Bells as carriers of peace
Since time immemorial, there has been an association between bells and peace. In Antiquity, the sound of bells was used to chase evil forces. This apotropaïc aspect of bells was taken over in the Christian tradition, where bells became sacred objects. They were also believed to appease winds, to repel bad dreams, to chase demons, and to keep away weapons and bombs. The magic powers of bells were inscribed in their bronze: daemones fugo [I chase the demons] and fulgura frango [I break thunder and lightning]. Already in the 13th century, many bells bore the inscription O Rex gloriae, veni cum pace [O glorious Lord, come with peace]. In his famous poem Das Lied der Glocke from 1799, Friedrich Schiller wrote: Friede sei ihr erst Gelaute [Let your first sound be peace]. After the First World War, many peace bells were created, such as the Bell of the Fallen in Rovereto, named Maria Dolens, which was cast in 1925 to commemorate the victims of all wars, to name just one of them.
The association between bells and peace was revitalized after the Second World War, when Japanese Chiyoij Nakagawa founded the World Peace Bell Association. This organization aims at creating Japanese peace bells in different countries in the world, cast with the material of coins from all countries. At present there are 21 World Peace Bells in 17 countries. One of them is the peace bell at the United Nations headquarters in New York City. Since 2002, it has rung every year on September 21, the International Day of Peace of the United Nations.
But there are many more peace bells in the world. Some of the most notable ones are the World Peace Bell in Newport, Kentucky, that rang to start a new millennium of peace in 2000, and the Bell of Hope, which was given by the city of London to the city of New York after the terrorist attacks of 9/11.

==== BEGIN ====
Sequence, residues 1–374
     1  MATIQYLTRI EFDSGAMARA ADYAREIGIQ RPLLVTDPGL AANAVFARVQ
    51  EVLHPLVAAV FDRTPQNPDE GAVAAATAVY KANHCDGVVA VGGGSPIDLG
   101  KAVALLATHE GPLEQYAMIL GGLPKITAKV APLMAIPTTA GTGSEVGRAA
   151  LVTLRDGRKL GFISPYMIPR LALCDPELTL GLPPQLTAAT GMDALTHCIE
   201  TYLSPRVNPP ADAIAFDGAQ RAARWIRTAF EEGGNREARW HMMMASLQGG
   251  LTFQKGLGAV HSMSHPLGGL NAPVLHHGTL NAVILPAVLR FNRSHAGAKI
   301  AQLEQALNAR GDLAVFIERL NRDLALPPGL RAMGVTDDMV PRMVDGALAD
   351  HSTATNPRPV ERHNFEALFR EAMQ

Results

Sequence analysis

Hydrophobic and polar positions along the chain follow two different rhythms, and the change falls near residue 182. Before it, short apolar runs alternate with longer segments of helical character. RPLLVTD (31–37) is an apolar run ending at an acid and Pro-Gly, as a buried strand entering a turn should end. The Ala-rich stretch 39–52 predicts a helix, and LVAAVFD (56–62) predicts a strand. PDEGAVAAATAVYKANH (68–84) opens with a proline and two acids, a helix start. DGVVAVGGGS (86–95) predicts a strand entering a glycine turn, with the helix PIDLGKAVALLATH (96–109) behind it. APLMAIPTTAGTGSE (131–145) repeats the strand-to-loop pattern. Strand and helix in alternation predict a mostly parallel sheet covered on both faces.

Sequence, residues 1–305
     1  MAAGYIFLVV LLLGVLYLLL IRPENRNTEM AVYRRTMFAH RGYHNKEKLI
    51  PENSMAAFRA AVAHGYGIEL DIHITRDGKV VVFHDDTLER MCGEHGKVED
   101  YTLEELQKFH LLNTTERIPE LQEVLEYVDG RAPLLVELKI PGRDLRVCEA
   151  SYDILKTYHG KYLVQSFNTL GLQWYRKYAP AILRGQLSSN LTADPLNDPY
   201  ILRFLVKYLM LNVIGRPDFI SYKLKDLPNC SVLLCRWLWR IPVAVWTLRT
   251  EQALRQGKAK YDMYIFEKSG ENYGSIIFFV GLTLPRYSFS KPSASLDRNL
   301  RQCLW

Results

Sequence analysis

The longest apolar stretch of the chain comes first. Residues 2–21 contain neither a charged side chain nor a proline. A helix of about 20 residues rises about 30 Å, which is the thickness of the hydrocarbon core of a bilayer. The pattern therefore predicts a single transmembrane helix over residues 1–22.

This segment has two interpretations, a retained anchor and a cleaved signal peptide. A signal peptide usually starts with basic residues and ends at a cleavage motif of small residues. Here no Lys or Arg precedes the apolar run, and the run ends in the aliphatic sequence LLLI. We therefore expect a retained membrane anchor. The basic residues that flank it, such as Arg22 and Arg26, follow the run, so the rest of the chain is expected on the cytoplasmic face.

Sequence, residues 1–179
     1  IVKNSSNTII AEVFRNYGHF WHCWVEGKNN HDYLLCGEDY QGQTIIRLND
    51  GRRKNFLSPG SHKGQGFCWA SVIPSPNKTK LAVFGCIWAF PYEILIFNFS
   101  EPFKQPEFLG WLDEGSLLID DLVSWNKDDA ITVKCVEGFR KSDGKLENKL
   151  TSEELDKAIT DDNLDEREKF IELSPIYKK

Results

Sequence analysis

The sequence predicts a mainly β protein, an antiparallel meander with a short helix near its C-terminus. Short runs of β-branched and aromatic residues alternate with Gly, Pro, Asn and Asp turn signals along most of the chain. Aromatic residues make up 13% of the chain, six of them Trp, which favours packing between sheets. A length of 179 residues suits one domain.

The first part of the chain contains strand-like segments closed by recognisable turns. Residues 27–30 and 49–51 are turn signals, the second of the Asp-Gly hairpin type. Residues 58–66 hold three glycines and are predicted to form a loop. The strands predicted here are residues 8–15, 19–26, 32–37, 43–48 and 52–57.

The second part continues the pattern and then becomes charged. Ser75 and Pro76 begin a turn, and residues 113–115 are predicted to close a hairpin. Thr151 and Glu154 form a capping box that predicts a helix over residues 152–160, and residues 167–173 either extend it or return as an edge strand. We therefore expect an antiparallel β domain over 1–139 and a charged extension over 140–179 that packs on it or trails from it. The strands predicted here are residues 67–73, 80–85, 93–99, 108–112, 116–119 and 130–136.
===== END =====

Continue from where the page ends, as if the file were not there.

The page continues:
On regular occasions, collective bell-ringing is organized to unite people around the idea of peace and reconciliation. One of the most memorable moments in this respect was the sound of bells at the moment of the reunification of Germany in 1990.
Carillons as carriers of peace
The association between carillons and peace started in the First World War. From 1914 on, many bells were silenced by the terrors of war, and as a result, poets in Belgium, England, France and the USA dreamt that they would sound again when peace would return to the world.
More particularly the destruction of a number of Belgian carillons made a strong impression in the Western world and was profiled as the brutal annihilation of a unique democratic music instrument, created by a brave people. After the war, the idea of war memorial and peace carillons emerged: a public music instrument was considered to be a suitable type of memorial, since its music is capable of continually revising the memory to those who had fallen. Moreover, the fact that many soldiers from Anglo-Saxon countries were buried in Flemish soil created a natural association between the remembrance of the war and the carillon. Although the total number of war memorial carillons was not very high, they were located in iconic settings, such as the Peace Tower of the National Parliament Building in Ottawa, the National War Memorial in Wellington, the city hall of Cape Town, and the universities of Toronto, Sydney and Leuven.
After the Second World War, new war memorial carillons were erected, among them the instrument at the University of Kansas. And it didn’t stop at that point. In later years, a number of other peace carillons were created, and new instruments are in preparation. An overview of those instruments is presented on this website.
Let us hope that the owners and players of the war memorial and peace carillons of the world will continue to mobilize their instruments for the sake of remembrance, peace and reconciliation. We believe that public bell music can create a climate of harmony in local communities and serve as an antidote to terror, fear and extremism.